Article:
Shenhua is the largest and lowest cost producer of thermal coal in China. It has an integrated model where it owns transportation infrastructure and utilties that give it exposure to the entire coal supply chain. However, thermal coal production is the largest piece of its business, representing over 60% of gross profits. There are three key drivers to the cash flow generated by teh coal business: (1) the price of spot market coal, (2) the mix of coal sold on a contract basis on price regulated by the governemnt, and (3) the quality of the caol they sell. Contract prices are far lower than spot prices and so a mix shift to spot coal has been a big driver to cash flow for the company as has the increases in spot prices that have begun to roll over.
I believe that (1) due to supply/demand dynamcis the price of spot coal will be secularly challenged from here, the mix to contract coal and plateaued, and the quality of coal produced has deteriorated. So recenty, the NDRC has announced that they will cap the price of spot coal at 800RMB for the benchmark grade (spot was north of 900Rmb when this was announced). While clearly a negative, many have said that given the extremely fragmented nature of the industry, this will never be enforced. I agree except that Shenhua is an SOE and so will be tough to report violations of the policy in print. Second, I believe market dynamics will impari the price of coal anyway. The price of contract coal was also raised by 5% for various reasons and while this is a positive and received attention, a second comment was made that received little attention: i.e. that more strict enforcement of fulfillment of contract volumes will be enforced. This will be a headwind that people are not acknowledging. Finally, if we look at the gross profit per ton on the contract coal business in 2011, we see clear deterioration in price suggesting that the quality of the firm's prodution has been deteriorating.
In short, I think consensus estimate of Rmb2.60 will be more like Rmb2.00 next year and the multiple will contract to 8-10x as the market realizes the secular issues with the coal indsutry. Why pay more for chinese coal, albeit low cost coal, if the upside to the commodity is capped and the downside is steep due to issues I address below. So targert price is HKD is 2.00 x 9 x 1.22 or lows 20s HKD (must convert RMB EPS to HKD).
Key points of the thesis is below.
Chinese coal supply is growing well in excess of demand
Chinese coal companies have very high relative margins and returns so they have little reason to curtail production and the gov't which already caps the price on a good portion of their output has little incentive to raise caps (if anything will lower them)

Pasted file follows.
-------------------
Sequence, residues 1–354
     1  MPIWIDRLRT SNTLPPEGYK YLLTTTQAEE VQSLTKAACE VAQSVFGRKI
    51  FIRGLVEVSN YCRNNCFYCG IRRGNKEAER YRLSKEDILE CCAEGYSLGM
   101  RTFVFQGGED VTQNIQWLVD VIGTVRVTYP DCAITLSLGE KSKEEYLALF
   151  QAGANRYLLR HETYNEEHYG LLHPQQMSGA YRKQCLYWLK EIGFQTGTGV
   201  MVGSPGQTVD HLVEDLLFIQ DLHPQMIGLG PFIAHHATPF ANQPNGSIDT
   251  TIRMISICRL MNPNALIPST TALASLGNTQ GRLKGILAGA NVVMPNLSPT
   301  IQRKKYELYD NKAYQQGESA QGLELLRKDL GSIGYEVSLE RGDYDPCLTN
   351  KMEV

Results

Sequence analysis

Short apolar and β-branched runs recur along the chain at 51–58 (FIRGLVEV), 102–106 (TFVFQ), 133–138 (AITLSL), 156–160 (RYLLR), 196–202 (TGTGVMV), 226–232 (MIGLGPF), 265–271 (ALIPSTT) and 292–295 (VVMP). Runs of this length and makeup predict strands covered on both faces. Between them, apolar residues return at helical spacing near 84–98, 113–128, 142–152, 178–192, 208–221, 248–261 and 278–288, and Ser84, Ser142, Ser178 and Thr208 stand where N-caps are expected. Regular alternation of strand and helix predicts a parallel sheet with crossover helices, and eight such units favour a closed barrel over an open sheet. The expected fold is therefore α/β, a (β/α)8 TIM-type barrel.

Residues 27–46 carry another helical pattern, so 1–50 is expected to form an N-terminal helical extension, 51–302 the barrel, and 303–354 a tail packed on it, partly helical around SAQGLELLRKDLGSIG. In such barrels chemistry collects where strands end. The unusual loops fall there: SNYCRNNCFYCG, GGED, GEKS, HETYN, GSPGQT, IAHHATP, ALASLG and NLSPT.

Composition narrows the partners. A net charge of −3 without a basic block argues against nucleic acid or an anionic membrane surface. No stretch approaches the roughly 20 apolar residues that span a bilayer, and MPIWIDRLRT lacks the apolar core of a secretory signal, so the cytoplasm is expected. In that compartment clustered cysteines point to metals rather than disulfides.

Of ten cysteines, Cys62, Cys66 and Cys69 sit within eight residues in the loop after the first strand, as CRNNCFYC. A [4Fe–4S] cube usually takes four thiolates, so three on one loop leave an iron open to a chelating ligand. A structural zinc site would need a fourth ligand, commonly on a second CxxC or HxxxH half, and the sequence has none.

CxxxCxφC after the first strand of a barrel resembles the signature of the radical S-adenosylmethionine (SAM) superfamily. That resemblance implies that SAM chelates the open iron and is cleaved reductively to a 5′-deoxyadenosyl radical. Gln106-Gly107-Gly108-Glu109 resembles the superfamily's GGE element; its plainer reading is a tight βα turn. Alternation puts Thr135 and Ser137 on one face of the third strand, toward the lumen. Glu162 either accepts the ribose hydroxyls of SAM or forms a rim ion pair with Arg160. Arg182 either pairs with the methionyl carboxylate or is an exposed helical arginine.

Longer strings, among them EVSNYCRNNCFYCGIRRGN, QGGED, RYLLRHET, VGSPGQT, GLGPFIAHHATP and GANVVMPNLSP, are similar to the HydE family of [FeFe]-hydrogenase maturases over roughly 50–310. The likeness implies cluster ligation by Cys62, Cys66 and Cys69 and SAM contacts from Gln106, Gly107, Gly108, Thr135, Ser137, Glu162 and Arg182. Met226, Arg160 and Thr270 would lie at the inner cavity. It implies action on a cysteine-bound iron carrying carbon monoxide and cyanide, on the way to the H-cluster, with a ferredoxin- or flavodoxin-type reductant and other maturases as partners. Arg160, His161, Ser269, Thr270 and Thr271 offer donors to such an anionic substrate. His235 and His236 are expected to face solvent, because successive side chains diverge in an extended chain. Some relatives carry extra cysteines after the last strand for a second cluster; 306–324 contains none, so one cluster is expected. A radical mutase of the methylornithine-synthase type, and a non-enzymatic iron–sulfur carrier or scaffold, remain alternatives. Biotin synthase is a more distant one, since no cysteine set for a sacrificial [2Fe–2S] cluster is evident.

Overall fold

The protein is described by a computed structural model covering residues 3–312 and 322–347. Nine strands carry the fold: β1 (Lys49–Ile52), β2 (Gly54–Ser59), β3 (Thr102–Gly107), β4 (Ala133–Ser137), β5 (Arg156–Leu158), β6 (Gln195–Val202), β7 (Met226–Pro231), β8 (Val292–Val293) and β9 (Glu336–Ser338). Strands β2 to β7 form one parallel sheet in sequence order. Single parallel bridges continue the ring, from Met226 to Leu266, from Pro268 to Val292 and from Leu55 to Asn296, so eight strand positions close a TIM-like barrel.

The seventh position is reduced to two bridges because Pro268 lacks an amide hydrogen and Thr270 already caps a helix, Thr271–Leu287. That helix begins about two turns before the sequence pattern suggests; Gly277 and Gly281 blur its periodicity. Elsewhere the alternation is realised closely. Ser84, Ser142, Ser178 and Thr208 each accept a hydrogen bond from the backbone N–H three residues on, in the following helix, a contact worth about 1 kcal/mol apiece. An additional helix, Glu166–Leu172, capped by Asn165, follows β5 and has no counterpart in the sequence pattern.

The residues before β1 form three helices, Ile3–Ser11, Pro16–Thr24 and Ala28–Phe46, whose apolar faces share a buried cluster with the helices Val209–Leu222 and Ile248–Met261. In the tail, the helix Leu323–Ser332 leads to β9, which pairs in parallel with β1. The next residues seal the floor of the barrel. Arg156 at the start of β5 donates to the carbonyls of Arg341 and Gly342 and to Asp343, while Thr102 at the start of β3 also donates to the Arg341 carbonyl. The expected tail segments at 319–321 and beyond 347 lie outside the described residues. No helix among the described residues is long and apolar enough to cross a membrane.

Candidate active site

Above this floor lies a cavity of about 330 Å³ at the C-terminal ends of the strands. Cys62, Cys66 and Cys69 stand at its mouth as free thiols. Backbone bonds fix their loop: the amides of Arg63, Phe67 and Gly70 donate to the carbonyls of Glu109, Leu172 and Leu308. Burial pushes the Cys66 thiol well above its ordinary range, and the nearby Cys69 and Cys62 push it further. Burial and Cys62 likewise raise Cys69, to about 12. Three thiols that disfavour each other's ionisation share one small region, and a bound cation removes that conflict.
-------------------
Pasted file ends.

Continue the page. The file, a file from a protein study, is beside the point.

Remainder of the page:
Costs of operating mines are increasing which will impact the otherwise healthy margins
Coal rail capacity has and will continue to surge removing a bottleneck that has existed for years resulting in ever-increasing supply going forward
Chinese language report noted that 1 billion tons of coal production capacity is currently under construction in China. To put that in context, total coal production in Australia, Indonesia, Mozambique, and South Africa combined in 2009 was ~950 million tons, according to the EIA.
Production was up 15% in 2009 based on NBS statistics. For China's 50 largest coal mining companies, production was up 14.2% in 2010 and is running at about 10-12% in 2011. Fixed asset investment in the coal mining sector continues to increase at an even faster rate that production and this is the leading indicator for future production capacity. As such I think we can expect low double digit to high single digit produciton increases in supply.
Robust growth in coal production has been absorbed by mid-teens growth in electricity production. The power sector consumes roughly half of Chinese coal production. However, over the past few montsh there has been an noticeable drop in power consumption and in November on a year-on-year basis it was 7.1%.
What's interesting is the implied relationship between GDP growth and electricity production growth in 2011. The "power multiplier" (power consumption growth / real GDP growth) of 1.05x suggests that since 2004, this metric has fallen by one-third in China. So lets assume it hovers around 1%. That implies we will have 7-9% power consumption growth overall.
The point is that Chinese power consumption growth is likely to track GDP growth while coal production capacity growth could be >1.2x or more for some time.
The industry is set to be over-supplied beginning pretty much now.
With hydro, nuclear, wind and natural gas gaining share, the coal power multiplier problaby drops below 1.0x: i.e. cylical and structural issues onthe supply and demand sides.
Based either on gross margins or return on capital, Chinese coal miners are operating well above global, normalized margins and returns. For example, returns on capital for the larger coal producers in China are north or 10% while for the rest of teh coal world they are half of that. Similarly gross margins are about 50% again meaningfully above most coal or other commodity producers globally. The implication is that we will see robust supply at much lower coal prices.
An increase in coal mining investment is one thing but without the rail infrastructure to move the coal, the increase in production capacity does not impact the demand-supply profile or pricing. Bernstein analysis suggests that China is on track to commission 2,699 km of coal dedicated rail facilities in 2010 and almost 10,000 km by the end of 2014.
The top 50 producers are all grwoing comfortably in the mid teens giving some credibiltiy to supply forecasts.
In short, I believe demand will growth 6-8%, supply will grow 10-13% and transporation bottlenecks incrementally ease pretty much every day. As such the industry is cyclically and structurally over-earning.